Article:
Most hedge mazes-like Somerleyton, Longleat, and Hampton Court-are built on level ground. The odd man out is the Glendurgan Maze in Cornwall, planted some thirteen years earlier than the Somerleyton Maze. It stands in the middle of a twenty-five-acre garden, now owned by the National Trust, hat leads down through a steep valley to the old fishing hamlet of Durgan on the river Helford. Lushly subtropical, with palms and rare conifers, bamboos and tree ferns, and a riot of magnolias, rhododendrons, and camellias, the gardens are a delight to walk through, the higher paths offering a fine overview of the intestinal meandering of the maze that climbs the side of the valley. Though its free-flowing cherry laurel hedges are low enough to see over, that advantage is negated by the sloping paths that can soon exhaust, and infuriate, visitors, should they take too long to find the way out.
As deceptive as the paths they weave is the impression that all mazes are as old as, if not older than, the one at Hampton Court. For instance at Hever Castle, the ancestral home of the Boleyn family, the maze which is planted between the castle's twin moats-is so in keeping with the late-medieval battlements that shadow it and the prevailing Tudor atmosphere that it's easy to imagine Henry VIII courting Anne Boleyn along its narrow pathways. In fact, the maze was planted only at the beginning of the twentieth-century, when the whole estate was sold to the American millionaire and philanthropist William Waldorf Astor.
In the case of stone-and-turf mazes-those winding, circular patterns cut out of the ground-the impression that they are magical sites used in ancient rituals and dating from time immemorial is, in most cases, quite accurate. Among the most notable are the seventeenth-century turf mazes at Saffron Walden in Essex, Hilton in Cambridgeshire, and Breamore in Hampshire.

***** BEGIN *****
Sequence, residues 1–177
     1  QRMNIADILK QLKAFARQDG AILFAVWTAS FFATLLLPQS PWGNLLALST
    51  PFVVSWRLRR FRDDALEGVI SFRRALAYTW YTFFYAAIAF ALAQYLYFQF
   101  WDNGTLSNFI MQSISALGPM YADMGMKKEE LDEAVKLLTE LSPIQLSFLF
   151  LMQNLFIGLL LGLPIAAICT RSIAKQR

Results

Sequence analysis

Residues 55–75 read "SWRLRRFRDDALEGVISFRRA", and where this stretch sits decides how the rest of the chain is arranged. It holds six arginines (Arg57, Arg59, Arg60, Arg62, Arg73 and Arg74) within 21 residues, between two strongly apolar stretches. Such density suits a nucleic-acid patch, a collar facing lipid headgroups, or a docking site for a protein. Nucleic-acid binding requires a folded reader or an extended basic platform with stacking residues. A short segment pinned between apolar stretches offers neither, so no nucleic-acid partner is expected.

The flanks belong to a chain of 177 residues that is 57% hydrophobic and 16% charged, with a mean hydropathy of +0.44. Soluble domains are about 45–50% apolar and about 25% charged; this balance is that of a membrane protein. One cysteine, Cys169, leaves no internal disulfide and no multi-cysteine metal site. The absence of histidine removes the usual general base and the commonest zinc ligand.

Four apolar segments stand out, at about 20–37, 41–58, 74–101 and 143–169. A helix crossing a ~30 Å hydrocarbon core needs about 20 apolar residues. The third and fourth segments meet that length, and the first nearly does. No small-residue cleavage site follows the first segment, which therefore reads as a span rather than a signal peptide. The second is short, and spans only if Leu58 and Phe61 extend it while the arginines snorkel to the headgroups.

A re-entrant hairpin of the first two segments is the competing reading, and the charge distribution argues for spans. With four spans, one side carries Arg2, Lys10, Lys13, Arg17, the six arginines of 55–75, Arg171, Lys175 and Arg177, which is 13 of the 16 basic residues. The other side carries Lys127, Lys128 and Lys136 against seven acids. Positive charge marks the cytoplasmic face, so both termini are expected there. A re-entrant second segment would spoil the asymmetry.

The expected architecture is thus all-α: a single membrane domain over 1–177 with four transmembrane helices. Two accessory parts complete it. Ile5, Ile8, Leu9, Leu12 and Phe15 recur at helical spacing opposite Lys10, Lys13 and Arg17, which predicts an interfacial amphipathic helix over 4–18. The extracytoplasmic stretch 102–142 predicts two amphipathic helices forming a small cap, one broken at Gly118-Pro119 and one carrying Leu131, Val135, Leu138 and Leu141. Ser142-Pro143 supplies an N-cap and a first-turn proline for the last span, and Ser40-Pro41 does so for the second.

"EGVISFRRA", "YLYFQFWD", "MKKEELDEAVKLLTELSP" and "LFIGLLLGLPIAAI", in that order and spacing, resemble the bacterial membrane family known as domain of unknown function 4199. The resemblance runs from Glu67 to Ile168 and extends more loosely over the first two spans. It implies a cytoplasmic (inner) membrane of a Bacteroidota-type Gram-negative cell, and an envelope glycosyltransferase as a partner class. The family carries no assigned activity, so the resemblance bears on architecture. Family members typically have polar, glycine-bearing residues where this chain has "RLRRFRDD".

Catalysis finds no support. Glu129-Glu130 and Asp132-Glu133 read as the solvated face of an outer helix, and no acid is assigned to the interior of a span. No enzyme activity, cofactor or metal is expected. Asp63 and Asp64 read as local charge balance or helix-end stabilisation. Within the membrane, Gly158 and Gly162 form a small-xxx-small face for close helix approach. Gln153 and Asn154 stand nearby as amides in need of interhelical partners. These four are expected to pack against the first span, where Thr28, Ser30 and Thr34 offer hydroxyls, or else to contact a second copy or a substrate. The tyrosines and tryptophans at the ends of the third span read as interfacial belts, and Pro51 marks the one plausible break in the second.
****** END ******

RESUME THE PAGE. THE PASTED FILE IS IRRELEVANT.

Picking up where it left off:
Occupying the eastern corner of the town's common, Saffron Walden's maze is the world's largest surviving turf labyrinth, an impressive seventeen-ring medieval Christian design with a total diameter of 132 feet and a pathway paved with a single track of 6,400 bricks laid end to end. With its grass-covered banks, mounds, and ditches, it has a distinctly prehistoric air, reminiscent of ancient dolmens, and it could easily have stood here in one form or another for much longer than the town records suggest. The earliest official mention of the maze was made in 1699, when the local guild agreed to pay "15s.0d [15 shillings and no pennies] ... for cutting ye maze at ye end of ye common." Whatever its provenance, the maze has always been popular with the townspeople, especially during the eighteenth century, when it became a gathering place of the young men of the district who have a system of rules connected with walking the maze, and wagers in gallons of beer are frequently won and lost.
Equally popular was the Hilton turf maze, farther north in Cambridgeshire, also dating from the seventeenth century and one of the most striking examples of its kind: a deeply trenched nine-ring pattern of loops and spirals, decorated at its center with a stone plinth that honors-in Latin-its creator, William Sparrow, "born 1641, died at the age of 88, formed these circuits in 1660." Like Saffron Walden, the maze Sparrow cut could easily have been predated by an earlier form, but again official records fail to support the hypothesis.